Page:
The issue of the Conleys’ due diligence in learning of Ford’s insurance was a close question for the court. Had Ford simply denied the existence of insurance without objection, the court opined that the Conleys would have had a clear case showing their own due diligence. Had Ford responded to plaintiffs’ discovery requests with only objections, the Conleys’ motion would have failed. A discovery response containing only objections puts the requesting party on notice that no substantive answer has been provided.
In this case, Ford lodged objections, but also provided a substantive response to the Conleys’ inquiries regarding its insurance. The Georgia Supreme Court, granting the trial court substantial deference, held that the court reasonably concluded that Ford’s answers were misleading. The court also stated that it likely would have deferred to the trial court if it had reached the opposite conclusion.
Material Harm Presumed
Under longstanding Georgia law, prejudice is presumed where a civil jury is not properly qualified by the court as to an insurer with a financial interest in the case. Many courts have since questioned the wisdom of this rule, as evidence of insurance coverage is prohibited at trial so jurors are not exposed to insurer information.
In a concurring opinion, one justice posited that the presumptive harm stemming from the failure to properly qualify the jury might properly be rebutted if, for example, a trial is conducted without any mention of any insurance carrier. “The concurring opinion perhaps strikes the correct balance, advocating for a rebuttable presumption of harm,” says Scott A. Wandstrat, Atlanta, GA, former cochair of the Professional Liability Subcommittee of the ABA Section of Litigation’s Insurance Coverage Litigation Committee.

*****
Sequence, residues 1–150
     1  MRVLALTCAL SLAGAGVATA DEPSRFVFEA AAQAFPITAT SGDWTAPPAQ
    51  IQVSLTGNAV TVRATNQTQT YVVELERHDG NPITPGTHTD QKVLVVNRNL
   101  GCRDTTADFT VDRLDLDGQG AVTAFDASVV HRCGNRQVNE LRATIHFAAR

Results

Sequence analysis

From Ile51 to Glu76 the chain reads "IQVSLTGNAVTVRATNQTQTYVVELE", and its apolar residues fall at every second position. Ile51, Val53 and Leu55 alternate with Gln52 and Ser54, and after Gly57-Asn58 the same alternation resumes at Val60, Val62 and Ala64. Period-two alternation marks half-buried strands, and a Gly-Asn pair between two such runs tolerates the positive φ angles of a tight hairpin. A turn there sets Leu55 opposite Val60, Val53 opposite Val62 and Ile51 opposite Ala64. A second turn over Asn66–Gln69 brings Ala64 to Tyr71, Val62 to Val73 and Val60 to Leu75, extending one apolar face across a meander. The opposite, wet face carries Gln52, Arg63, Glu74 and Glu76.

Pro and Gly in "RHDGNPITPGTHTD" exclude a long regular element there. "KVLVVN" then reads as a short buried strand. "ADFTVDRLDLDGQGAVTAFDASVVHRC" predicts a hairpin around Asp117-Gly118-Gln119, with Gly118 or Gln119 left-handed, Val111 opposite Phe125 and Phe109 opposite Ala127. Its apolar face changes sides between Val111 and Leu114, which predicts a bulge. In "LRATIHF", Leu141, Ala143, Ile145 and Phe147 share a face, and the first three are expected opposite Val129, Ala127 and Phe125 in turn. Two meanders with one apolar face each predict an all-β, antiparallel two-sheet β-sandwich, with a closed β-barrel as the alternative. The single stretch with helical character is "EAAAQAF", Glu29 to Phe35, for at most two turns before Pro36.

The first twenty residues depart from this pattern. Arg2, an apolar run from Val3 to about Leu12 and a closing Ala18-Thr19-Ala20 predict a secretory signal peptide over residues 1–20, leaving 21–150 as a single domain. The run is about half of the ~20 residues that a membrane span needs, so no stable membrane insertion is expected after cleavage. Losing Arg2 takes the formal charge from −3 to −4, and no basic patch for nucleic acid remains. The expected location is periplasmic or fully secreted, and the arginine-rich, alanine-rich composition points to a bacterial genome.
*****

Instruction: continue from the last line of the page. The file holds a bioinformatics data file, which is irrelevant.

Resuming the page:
The Georgia Supreme Court declined to reconsider its 80-year-old decision in Atlanta Coach v. Cobb, which established the presumption of harm for failure to qualify the jury as to an insurer with a financial interest.
Court Attempts to Limit Case to Its Facts
Ford urged that, if a new trial was granted, the “floodgates” would open for countless more motions, with losing parties combing back through discovery in search of vague responses. But the court rejected this contention, stating that the requirements for granting such extraordinary motions are strict, and it is the unusual case in which discovery responses are “affirmatively misleading.”
“If this case is to teach any lesson,” the court wrote, “it is that the civil discovery process is supposed to work to allow the parties to obtain the information they need to prove and defend their cases at trial before impartial juries.”
Indeed, “this decision reflects a trend where courts are holding that boilerplate discovery requests, answers and objections are no longer going to cut it,” says Jeffrey G. Close, Chicago, IL, cochair of the Discovery and Motion Practice Subcommittee of the Section of Litigation’s Pretrial Practice and Discovery Committee. “The old way of practicing where lawyers talk past each other instead of to each other is no longer acceptable—if it ever was—to the courts.”
Natasha Saggar Sheth is an associate editor for Litigation News.